Banned as Commander:

- Haldan, Avid Arcanist - Inalla, Archmage Ritualist - Kinnan, Bonder Prodigy - Leovold, Emissary of Trest - Najeela, the Blade-Blossom - Oko, Thief of Crowns - Rograkh, Son of Rohgahh - Thrasios, Triton Hero - Tymna the Weaver - Yuriko, the Tiger’s Shadow

Banned as Companion:

Lutri, the Spellchaser This decision was excellent for the game, as it allows these cards to still be used within the decks, but without giving the consistency of having these cards in the command zone. Haldan, Avid Arcanist was banned for Pako and Haldan being an aggro Voltron deck that doesn't depend on the deck, you could fill it with ramps and rituals to get the puppy down fast and start exiling cards, when you ran out of cards in your hand you used Haldan to cast what was exiled. As for Najeela, the Blade-Blossom, for being a mono-red commander to be cast, and the deck could be full of cards to stop and delay opponents while Najeela could win on her own. Kinnan, Bonder Prodigy was banned because it has very consistent combos, and it didn't lose the artifact tutors, so it could speed up the game itself and win faster than opponents could interact. Inalla, Archmage Ritualist was banned for having different combo lines that were abusive and complementing each other, she was able to initiate the combo, and even if an opponent interacted, she was able to proceed with another combo line. Oko, Thief of Crowns was banned for being too good at stopping other commanders, and as the format depends more on the commander than cEDH, cards like that end up not being positive; Drannith Magistrate was also banned for interacting with commanders asymmetrically and being too easy to place on any deck with white. Leovold, Emissary of Trest

is Leovold and that's reason enough for his banning

he's a very consistent stax piece in the command zone, which while locking your opponents, gives you an advantage. Rograkh, Son of Rohgahh is a commander that basically only costs colorless mana, and in a format with cards that can be cast without paying mana when controlling a commander, along with rituals and tutors that rely on creature sacrifice, makes our little friend very abusive. Thrasios, Triton Hero and Tymna the Weaver dominated and still dominate the cEDH, most decks use or have used one of them as commanders, both are strong and can easily give a lot of card advantage, so both are banned.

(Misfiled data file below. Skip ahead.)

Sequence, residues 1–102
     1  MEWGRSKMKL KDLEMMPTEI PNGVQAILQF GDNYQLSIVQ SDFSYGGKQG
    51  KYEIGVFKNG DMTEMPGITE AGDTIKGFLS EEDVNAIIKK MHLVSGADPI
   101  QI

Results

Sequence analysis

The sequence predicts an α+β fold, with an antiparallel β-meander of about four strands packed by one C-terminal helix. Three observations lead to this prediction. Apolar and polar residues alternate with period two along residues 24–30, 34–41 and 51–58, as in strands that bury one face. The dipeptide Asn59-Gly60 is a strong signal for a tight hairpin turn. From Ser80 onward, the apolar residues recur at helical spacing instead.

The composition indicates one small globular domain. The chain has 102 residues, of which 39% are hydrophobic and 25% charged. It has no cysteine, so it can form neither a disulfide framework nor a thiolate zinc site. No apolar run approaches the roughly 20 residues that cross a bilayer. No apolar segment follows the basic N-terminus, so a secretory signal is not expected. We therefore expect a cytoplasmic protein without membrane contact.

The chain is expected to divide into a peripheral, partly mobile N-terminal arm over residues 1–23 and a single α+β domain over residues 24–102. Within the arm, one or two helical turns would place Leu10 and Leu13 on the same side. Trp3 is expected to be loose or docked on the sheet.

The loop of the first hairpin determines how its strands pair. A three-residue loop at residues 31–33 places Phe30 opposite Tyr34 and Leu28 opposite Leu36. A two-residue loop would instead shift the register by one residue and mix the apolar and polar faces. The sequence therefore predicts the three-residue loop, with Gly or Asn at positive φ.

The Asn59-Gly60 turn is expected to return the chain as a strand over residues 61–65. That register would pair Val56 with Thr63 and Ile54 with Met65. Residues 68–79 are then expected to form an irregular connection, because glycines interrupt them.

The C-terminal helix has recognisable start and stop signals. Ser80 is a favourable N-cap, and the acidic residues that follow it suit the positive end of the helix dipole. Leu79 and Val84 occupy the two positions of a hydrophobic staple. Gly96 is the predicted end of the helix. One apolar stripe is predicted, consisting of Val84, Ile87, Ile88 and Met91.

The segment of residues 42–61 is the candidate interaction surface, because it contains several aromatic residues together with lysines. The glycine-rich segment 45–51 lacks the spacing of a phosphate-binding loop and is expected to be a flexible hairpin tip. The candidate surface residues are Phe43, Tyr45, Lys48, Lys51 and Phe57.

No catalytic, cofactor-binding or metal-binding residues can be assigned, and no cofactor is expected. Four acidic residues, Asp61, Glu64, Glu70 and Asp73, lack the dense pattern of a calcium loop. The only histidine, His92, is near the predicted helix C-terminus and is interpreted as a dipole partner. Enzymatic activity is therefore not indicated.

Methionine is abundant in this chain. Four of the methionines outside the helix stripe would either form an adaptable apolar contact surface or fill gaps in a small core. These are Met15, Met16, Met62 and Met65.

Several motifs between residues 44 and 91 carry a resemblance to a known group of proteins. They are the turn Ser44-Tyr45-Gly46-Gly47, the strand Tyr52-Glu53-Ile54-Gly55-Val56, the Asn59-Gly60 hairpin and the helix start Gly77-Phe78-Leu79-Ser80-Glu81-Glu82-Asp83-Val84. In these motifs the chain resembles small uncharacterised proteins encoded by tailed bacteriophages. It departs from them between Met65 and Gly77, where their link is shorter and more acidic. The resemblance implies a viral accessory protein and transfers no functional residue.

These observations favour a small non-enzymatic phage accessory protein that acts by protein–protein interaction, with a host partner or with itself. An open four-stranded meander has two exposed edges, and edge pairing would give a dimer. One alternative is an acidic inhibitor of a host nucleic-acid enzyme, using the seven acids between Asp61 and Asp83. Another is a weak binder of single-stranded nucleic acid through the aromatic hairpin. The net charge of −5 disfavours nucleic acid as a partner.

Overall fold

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Last but not least, we have Yuriko, the Tiger's Shadow, which was a forceful deck at all times in the game, and which was almost impossible to be stopped, since she will always be played for two mana and guaranteed a lot of card advantage while dealing damage to all opponent simultaneously.

Conclusion

As I've said before, one of the goals of creating this format is to have a more accessible game scenario with more than two players, and banning the reserved list plus reducing the number of cards in the deck makes the format much cheaper than even some Modern or Legacy decks, and it's much easier to build for those who don't have a Commander, Legacy or Vintage base. Also, the most expensive decks are not necessarily the best in the format. Conquest is still a new format and its metagame still has a lot of room to develop. Due to the proximity of the committee with the community, it is simple and easy to get in touch with them: to write this article, I contacted Shapersavant, one of the founders of the format, to clear up some doubts. They have a group on Discord where you can log in to find other people to play and find out about the format's news, such as tournaments, bans and so on. Basically, every strategy is viable in this format, from voltron to decks with planeswalkers as commanders, from aggro to combos, the diversity of this format is something that isn't seen in cEDH The dreaded Paradox Engine is legal in the format, and it doesn't negatively affect it, there are few lists that use it and none as relevant as a Jeska & Kraum. Without fetchlands or old duals, having a strong mana base to build 4 or 5 color decks is much more complicated, and this prevents you from not having a penalty for playing without any color restrictions. I'll leave some useful links for those interested in the format. Hope to meet you at some table out there! - Rules & Banlist - Discord
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FELIPE

Started playing Magic on M20 in 2019. Prefers control decks and seeks to improve his deckbuilding.